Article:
Spent quite a few days following these beautiful butterflies, usually having them give me the slip, when I thought I was about to be in good position. I did not give up, as I was in Israel, the home of do not give up. Success was the reward for this persistence, and I’ve loaded several images of these Israeli Danaus butterflies. Fresh or worn, their coloration is striking, and I’m a big fan.
Where? The orchards within walking distance from my children’s home in Mishmarot. An irrigation ditch running through abounds with botany, including a healthy stand of Typha (cattail). When? Early morning. July 2014 chased me home each day, at 11 A.M.. No way I can work in the full sun of Israel. Of course on the walk home, I passed construction workers building, oblivious to the scorching sun. Impressive.
Here we have a male, so focused on quickly retrieving nectar that he forgot that he didn’t want me to approach him. How do we ID him as male? That lowermost black spot on his right hindwing, with its white center, is only present on males. Remember, our USA Monarch males possess small, black glandular structures at just about the same place on their hindwings.
A treat for the eyes? No?
She is on the plain side, or so you think, until you catch sight of her lush wash of orange, yellow and black and white eyespots. On Israel’s Mt. Meron, on that mountain looking out upon the Israeli-Lebanon border, I wanted to find a fresh Maniola telmessia, the Turkish Brown Butterfly.
Not my first introduction to them, but most I’ve seen over these last years had subdued color. Drab, I guess. I wanted to come back to the U.S. with images of richly colored females. Here she is, nectaring on wildflowers. I am not sure of the name of these blooms, but I do want you to notice the serious points radiating out from the flowerhead. Many, many wildflowers in Israel are so armored, and you have to be careful, to avoid painful brushes with these mini-spears, that can hurt.
So yes, we, I, do have our favorites, and we do, that is I do, forever want to get that better image, better than the one I already own. Like photographers who work sports venues, I suppose.
I was visiting my daughter Rachel in Mishmarot, Israel. The kibbutz’s orchards were just a 3 minute walk from Rachel’s home. The sun in Israel rises like it does in Arizona, early. Those July 2014 mornings, after Rachel gave birth to Boaz, I did it. I got up at 4:30 A.M. those mornings, had my breakfast/coffee, and went to the fields that surrounded the orchards. I usually was there by 6:30 A.M..
Butterflies in arid regions begin their day as early as they can, so that they can warm in the pleasant morning sun, and can get first dibs at the nectar that the flowers begin to pump.
This female fritillary was as you see her, when I reached that good, good stretch of field. Look at her, richly patterned in burnt orange, black and white trim. Cautious approach, her acceptance that she was at no risk.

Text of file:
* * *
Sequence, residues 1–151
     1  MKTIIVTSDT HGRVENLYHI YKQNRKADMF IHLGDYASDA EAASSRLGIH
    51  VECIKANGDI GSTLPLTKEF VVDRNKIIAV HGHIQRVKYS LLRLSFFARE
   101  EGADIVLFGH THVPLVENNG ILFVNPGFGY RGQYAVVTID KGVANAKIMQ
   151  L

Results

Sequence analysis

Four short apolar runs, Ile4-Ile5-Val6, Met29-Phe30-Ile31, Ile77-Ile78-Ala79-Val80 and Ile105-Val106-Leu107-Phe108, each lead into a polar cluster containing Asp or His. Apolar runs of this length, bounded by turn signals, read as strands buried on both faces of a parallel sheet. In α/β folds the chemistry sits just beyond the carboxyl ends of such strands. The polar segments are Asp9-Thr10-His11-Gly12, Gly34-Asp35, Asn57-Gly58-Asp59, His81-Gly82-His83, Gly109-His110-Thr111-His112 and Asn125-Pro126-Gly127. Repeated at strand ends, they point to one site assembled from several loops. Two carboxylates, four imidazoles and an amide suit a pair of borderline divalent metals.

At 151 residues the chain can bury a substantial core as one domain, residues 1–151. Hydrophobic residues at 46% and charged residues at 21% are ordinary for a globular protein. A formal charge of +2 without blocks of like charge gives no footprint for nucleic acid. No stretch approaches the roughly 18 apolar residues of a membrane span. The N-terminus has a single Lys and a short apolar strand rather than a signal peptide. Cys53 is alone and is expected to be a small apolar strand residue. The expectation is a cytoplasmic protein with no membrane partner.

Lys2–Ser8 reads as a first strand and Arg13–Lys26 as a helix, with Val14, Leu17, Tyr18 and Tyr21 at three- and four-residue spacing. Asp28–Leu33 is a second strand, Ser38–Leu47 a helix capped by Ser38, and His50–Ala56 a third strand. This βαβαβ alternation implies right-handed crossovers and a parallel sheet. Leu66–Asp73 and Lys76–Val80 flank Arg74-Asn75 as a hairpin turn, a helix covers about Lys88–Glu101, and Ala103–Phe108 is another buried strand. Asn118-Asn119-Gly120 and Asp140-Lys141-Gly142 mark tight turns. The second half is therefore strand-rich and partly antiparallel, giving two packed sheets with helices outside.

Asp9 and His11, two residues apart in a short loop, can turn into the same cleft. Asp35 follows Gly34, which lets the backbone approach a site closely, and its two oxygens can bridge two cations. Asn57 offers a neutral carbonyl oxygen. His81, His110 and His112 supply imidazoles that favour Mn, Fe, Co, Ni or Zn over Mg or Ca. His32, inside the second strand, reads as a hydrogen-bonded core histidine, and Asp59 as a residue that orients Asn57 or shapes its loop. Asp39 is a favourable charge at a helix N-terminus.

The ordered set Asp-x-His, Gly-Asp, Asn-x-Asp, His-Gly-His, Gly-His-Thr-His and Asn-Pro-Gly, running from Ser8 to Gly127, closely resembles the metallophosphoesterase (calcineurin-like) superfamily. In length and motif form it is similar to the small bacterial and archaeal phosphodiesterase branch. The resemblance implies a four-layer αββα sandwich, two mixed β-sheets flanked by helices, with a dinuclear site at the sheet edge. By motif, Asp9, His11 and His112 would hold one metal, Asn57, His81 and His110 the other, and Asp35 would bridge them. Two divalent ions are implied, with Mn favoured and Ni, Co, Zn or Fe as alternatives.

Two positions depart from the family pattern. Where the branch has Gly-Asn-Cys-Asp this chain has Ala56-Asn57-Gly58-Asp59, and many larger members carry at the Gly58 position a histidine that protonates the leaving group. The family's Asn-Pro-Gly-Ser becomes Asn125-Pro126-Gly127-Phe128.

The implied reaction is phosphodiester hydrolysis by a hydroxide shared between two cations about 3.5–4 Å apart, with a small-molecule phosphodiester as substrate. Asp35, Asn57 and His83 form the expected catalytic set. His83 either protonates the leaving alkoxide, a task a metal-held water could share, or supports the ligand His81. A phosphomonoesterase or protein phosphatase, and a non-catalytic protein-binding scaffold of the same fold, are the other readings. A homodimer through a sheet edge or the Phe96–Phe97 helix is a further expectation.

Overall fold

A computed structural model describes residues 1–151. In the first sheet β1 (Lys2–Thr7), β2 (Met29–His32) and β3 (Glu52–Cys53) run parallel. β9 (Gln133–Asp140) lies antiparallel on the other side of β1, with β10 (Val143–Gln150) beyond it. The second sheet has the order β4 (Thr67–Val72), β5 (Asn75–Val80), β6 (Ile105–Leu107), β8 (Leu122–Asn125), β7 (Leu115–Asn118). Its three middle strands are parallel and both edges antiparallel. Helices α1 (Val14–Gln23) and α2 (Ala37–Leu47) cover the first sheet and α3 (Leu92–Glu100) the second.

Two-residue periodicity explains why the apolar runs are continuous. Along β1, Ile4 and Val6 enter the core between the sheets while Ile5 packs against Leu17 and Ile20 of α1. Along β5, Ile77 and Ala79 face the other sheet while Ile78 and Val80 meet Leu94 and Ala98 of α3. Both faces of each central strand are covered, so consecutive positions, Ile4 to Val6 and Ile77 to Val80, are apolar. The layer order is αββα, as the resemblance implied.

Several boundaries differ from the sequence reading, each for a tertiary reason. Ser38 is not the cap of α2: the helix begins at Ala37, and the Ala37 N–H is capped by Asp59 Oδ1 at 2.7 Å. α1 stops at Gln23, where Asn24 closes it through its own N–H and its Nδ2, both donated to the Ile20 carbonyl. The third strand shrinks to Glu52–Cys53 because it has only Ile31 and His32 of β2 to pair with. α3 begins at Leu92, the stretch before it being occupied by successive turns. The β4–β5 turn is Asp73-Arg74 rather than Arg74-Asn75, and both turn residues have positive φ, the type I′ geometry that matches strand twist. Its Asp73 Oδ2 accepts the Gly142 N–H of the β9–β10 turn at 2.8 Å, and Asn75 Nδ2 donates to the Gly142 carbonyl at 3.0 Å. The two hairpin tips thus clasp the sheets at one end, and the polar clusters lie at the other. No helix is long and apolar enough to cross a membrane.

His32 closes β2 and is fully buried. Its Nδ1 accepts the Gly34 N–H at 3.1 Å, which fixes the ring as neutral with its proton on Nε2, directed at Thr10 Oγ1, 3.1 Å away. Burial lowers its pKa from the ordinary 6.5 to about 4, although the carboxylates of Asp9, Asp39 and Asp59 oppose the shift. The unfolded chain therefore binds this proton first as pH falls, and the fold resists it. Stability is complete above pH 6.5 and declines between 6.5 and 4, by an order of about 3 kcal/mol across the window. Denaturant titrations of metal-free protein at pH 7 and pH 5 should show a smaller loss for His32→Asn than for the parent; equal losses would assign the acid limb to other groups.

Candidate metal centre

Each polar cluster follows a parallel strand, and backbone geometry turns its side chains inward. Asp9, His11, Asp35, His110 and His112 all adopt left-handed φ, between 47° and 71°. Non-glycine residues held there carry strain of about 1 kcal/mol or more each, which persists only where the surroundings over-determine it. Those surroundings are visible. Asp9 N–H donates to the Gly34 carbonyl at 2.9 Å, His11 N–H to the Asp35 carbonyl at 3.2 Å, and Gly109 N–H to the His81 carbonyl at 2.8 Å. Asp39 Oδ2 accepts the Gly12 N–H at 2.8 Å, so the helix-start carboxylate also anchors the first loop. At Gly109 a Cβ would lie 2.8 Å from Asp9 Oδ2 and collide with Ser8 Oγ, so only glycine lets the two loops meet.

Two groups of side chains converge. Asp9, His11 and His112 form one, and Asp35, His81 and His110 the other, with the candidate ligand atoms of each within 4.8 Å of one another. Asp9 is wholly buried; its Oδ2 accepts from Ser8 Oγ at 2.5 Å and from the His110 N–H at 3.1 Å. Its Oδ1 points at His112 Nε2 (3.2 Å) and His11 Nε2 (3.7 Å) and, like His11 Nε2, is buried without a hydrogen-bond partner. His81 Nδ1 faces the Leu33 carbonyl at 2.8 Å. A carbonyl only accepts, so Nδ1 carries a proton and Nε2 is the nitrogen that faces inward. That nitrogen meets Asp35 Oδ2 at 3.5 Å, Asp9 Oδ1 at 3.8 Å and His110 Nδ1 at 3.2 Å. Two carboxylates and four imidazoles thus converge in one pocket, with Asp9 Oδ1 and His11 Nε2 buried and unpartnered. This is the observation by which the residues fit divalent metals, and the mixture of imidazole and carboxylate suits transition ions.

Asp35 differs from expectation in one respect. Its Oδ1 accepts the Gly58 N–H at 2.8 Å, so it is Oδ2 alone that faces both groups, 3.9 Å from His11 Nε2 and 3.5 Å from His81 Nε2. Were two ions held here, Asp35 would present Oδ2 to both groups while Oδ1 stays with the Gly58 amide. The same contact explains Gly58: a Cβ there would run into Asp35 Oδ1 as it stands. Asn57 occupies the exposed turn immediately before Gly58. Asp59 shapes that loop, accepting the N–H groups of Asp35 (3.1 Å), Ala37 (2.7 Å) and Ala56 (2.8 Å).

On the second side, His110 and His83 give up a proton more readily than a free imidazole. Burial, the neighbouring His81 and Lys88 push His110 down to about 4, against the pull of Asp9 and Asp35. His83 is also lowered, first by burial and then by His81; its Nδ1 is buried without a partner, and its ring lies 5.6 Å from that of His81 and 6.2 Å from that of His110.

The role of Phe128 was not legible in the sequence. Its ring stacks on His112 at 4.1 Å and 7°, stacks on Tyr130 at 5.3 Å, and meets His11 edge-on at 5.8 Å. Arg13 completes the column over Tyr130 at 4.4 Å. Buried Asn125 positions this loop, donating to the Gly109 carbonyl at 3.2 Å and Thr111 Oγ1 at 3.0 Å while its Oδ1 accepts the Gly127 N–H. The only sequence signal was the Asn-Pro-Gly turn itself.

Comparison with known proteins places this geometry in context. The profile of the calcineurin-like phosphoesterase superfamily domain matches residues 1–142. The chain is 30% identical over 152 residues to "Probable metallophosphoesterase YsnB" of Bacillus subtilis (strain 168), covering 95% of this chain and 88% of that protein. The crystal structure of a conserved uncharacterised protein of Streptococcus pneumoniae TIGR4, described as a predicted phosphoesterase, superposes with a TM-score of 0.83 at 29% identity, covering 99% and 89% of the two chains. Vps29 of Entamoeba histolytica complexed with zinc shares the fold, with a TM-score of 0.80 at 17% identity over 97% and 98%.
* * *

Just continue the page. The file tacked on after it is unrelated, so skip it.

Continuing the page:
Good. Very good. What fine work!
It was a good plan. Arrive at the Mishmarot meadow at 6:30 A.M., just in time to find different butterflies sun-bathing, here and there. Those July 2014 mornings were beautiful, but, by 9:30 A.M., this American boy would begin to be wiped out by the heat of the Israeli sun. The plan worked well, but had to be flexible, because, you see, this certain darner kept guard at this certain spot.
Friends here know that I enjoy red. This handsome insect was red’s red. Darners I have posted here get very good traffic, so, darner, red’s red. I decided to included it in my work.
Not so fast. It was classically unapproachable. Twelve feet away, Goodbye! Day after day, the 12-Foot rule again and again. Sometimes it was away, hunting? Then it was back, but, no relaxing its 12-foot policy.
Here is the best of my images. As soon as our Israeli friends jump in, we will know its name. For now, the Elusive Red.
Morning after morning I reached the fields abutting the orchards of Mishmarot, Israel. It gets very hot there in early July, and the nectar from these Centaurea hyalolepis blooms must be especially tasty early, before the heat arrives. The wildflowers along the orchard margins, and in the agricultural ditch nearby, brought lots of butterflies. Good.
This comely female Danaus chrysippus was typical of almost all of the Plain tigers that I saw those 7 mornings. More difficult to approach than their closely related Monarchs in the U.S., it was almost always approach slowly . . . and watch the Plain tiger fly off to a another flowerhead, 20 feet away. Sweatband across my forehead threatening to be overrun with sweat, time and again I would regroup and decide whether to follow the one that flew, or find a new one.
Comparisons came to mind. North American Monarchs rarely are birdstruck (have bits of their wing margins missing). Israeli Plain tigers also are usually complete in wing. Both Danaus species sport the same colors. They are both categorized as milkweed (Asclepias spp.) butterflies. I don’t know the Israeli Asclepias species . . . ? Both have that same elegant flight, which can be flow and graceful, or as when the flee from Jeffrey, swift, stunningly swift.
The Plain tiger butterfly is a beaut, this one front lighted, the Middle Eastern sun highlighting its eye-popping wing coloration. The menacing thorns on this plant typify the needle-sharp thorns found on so many plants in this part of the world. Caution is the watchword when working the wilderness in that part of the world. Hm, isn’t that so true.